The Trump administration is taking action to boost U.S. demand for corn-based ethanol and soybean-based biodiesel, as the president seeks to temper criticism from farmers and Midwest politicians before next year’s election.
The U.S. Environmental Protection Agency and Department of Agriculture on Oct. 4 outlined several steps to aid those renewable fuels, committing to boost annual biofuel-blending quotas to make up for waivers exempting some small refineries from the mandates.
The shift, which still must be formally proposed and codified, would effectively force bigger, non-exempted refineries to take up the slack.
The actions were provoked by anger in politically important farm-belt states. Biofuel advocates accused the administration of too liberally exempting refineries from a 2005 law requiring them to mix renewable fuels into petroleum.
“Corn farmers weren’t shy in telling the president that the impact of these waivers would lead to significant consequences for farmers, folks working at ethanol and biodiesel plants, and the countless other rural jobs that depend on this market,” said Kevin Ross, president of the National Corn Growers Association.
Though federal law authorizes the EPA to exempt small refineries facing economic hardship, the Trump administration has granted more waivers, following court rebukes of past agency denials. The exemptions — including a batch of 31 in August — angered farmers and biofuel producers, who say they hurt demand, on top of a broader trade dispute with China that has led to retaliatory tariffs on U.S. agricultural products. Ethanol consumption accounts for some 39% of U.S. corn production.
The EPA said it would seek public comment on a plan to ensure that more than 15 billion gallons of conventional ethanol be blended into the nation’s fuel supply beginning in 2020 and that statutory obligations for biodiesel also are satisfied.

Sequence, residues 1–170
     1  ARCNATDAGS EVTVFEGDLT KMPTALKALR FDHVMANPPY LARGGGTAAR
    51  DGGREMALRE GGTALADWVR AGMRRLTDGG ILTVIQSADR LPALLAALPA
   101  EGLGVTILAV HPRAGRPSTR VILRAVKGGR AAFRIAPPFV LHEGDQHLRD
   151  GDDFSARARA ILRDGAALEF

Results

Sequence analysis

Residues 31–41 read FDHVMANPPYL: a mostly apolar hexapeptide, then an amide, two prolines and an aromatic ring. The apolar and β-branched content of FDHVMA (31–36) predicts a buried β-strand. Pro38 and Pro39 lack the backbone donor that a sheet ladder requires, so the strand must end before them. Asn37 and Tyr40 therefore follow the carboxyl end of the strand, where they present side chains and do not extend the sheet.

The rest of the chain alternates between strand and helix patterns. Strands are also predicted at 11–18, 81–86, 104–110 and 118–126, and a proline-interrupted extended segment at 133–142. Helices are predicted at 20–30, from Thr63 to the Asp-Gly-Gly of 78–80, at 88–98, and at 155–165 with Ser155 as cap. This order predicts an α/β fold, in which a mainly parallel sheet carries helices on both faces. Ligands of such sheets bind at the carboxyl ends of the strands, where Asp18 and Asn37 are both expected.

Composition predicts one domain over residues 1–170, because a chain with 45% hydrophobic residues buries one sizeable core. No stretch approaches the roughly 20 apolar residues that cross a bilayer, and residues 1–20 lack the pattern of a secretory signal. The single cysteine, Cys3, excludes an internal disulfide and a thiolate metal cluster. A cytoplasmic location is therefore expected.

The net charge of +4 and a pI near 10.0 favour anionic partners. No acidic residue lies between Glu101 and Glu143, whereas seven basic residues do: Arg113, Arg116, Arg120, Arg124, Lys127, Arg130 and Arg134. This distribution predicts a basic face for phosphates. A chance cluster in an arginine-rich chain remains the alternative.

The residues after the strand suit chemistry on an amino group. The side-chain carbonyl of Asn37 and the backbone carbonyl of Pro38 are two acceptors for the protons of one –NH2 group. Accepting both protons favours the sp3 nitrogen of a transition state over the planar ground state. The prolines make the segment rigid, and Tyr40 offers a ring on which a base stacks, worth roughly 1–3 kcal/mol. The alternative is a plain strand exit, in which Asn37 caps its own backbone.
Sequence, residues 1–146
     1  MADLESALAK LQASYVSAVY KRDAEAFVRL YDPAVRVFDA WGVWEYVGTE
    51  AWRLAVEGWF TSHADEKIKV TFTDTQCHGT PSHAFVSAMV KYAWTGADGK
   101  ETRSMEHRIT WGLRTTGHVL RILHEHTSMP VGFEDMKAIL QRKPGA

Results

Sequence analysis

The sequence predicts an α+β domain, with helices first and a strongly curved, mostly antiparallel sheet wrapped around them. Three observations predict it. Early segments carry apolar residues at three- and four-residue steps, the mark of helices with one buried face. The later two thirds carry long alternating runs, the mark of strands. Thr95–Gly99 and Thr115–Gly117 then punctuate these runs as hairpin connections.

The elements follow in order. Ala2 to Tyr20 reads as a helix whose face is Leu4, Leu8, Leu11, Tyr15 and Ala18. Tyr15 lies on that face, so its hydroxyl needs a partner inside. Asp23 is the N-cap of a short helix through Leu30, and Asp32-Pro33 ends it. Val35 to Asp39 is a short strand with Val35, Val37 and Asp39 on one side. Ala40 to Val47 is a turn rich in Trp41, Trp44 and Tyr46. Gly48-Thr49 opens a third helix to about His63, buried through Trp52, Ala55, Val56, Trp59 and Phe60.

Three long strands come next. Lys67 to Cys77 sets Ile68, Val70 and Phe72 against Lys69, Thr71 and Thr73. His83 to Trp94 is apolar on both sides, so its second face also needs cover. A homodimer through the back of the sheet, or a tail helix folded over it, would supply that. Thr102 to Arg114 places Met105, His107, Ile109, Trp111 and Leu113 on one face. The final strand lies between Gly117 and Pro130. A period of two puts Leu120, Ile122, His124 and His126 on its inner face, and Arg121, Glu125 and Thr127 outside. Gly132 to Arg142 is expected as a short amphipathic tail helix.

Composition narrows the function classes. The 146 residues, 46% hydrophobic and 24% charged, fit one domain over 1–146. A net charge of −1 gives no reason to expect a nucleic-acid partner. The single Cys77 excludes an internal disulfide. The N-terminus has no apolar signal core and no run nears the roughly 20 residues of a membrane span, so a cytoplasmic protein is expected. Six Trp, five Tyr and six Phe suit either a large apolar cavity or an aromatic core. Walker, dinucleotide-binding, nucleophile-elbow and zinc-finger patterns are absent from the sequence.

“This will include accounting for relief expected to be provided for small refineries,” the EPA said in a news release.
The agency is set to effectively offset future exemptions by factoring a three-year rolling average of waived gallons into annual quotas, beginning with targets for 2020, according to people familiar with the matter who asked not to be named before a formal proposal is released.
The package does not include a major concession sought by oil refiners: a ceiling on the cost of tradeable compliance credits they use to prove they have satisfied blending targets under the Renewable Fuel Standard law. The EPA and Agriculture Department pledged to “continue to evaluate options” for reforming and boosting transparency in the RINs market, amid continued allegations of speculation and credit hoarding. A previous review ordered by Trump did not result in major changes.
The administration’s plan includes several measures to stoke U.S. demand for ethanol, with the Agriculture Department committing to seek funding for infrastructure projects that would get higher-biofuel blends to consumers.
And the EPA pledged to take steps to accelerate filling station adoption of E15 gasoline that contains 15% ethanol, building on its approval of year-round sales of the fuel earlier this year.
Much of the plan must still be adopted through a formal rulemaking process. The EPA was set to propose major elements of the package and finalize the changes by Nov. 30, a deadline for setting annual biofuel quotas.
But oil refiners are expected to challenge the measure. Industry allies have questioned the legality of the EPA’s new quota-setting plan.
“I’ll continue to hold EPA’s feet to the fire so they do as President Trump committed,” Senator Chuck Grassley, a Republican from Iowa, told reporters Oct. 4. Now that the plan is on paper, “the only thing that I could see that would interfere with it would be some court case.”